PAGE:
The Chevrolet Corvair looked like the future when it debuted in 1959 for the 1960 model year. Over the next 10 years it would evolve and leave a lasting impression for better, or worse, on consumers and future automotive enthusiasts to come.
Autoweek took the time to look back at the life of the Chevrolet Corvair, detailing its ups and downs during production. The greatest piece to take down the rear-wheel drive, rear-engine was a book we’ve all heard of: Unsafe At Any Speed.
The book, penned by Ralph Nader, called out the rear-mounted 80 hp, air-cooled flat-six engine and swing-axle rear suspension and branded it with a “widow maker” title. It’s true, the Corvair produced some scary scenes for those not ready for the massive oversteer produced by the configuration.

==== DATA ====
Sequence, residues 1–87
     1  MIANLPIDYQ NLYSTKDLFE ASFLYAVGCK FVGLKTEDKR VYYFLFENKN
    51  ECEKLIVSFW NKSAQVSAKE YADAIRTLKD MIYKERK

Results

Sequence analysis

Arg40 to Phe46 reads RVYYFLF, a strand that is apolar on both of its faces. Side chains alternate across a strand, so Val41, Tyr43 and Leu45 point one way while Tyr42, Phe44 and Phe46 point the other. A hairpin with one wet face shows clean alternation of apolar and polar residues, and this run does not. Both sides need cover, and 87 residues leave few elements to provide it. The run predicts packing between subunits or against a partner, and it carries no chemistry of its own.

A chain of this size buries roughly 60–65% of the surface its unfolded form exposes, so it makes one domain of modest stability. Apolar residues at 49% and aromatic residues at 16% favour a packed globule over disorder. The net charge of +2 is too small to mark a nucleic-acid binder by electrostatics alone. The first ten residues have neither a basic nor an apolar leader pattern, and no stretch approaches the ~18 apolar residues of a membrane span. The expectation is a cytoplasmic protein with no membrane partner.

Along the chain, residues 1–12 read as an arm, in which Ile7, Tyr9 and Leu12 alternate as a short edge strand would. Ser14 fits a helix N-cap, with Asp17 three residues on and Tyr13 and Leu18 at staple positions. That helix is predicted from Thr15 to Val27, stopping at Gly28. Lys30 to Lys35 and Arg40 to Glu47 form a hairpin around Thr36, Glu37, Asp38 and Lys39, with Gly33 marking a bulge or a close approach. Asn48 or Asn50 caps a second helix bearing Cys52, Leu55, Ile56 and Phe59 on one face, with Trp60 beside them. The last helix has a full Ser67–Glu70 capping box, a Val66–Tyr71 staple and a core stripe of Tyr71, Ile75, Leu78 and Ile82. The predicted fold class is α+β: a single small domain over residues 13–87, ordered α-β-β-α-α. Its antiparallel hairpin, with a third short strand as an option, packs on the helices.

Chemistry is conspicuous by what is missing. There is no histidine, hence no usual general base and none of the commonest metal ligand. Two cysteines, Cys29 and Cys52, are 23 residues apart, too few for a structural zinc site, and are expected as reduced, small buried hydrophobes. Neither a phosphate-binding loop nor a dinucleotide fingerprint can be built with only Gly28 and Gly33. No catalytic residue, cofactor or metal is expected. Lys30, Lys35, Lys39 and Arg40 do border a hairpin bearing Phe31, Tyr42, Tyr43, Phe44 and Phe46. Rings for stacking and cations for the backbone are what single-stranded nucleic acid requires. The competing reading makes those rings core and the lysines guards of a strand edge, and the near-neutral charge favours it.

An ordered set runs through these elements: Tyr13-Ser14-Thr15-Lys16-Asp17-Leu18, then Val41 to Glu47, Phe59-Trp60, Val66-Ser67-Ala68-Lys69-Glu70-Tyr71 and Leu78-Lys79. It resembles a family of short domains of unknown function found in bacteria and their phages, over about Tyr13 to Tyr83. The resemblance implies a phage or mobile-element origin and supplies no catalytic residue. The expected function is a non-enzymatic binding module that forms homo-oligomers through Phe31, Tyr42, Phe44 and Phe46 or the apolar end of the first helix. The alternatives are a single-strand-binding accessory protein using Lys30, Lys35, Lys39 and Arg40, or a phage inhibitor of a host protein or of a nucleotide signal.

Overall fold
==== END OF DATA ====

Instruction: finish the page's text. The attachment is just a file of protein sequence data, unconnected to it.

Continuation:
Still, the Corvair earned its place in motoring history through massive popularity. Nearly 340,000 Corvairs were produced in 1961 and 1962, spanning across multiple body styles including a coupe, convertible, van and, soon, a station wagon.
And, at only $2,000, or roughly $16,000 in 2015, the Corvair offered quite a bit for its price tag. So, here’s to you, Corvair, and the many memories you’ve brought more than a few motoring faithful.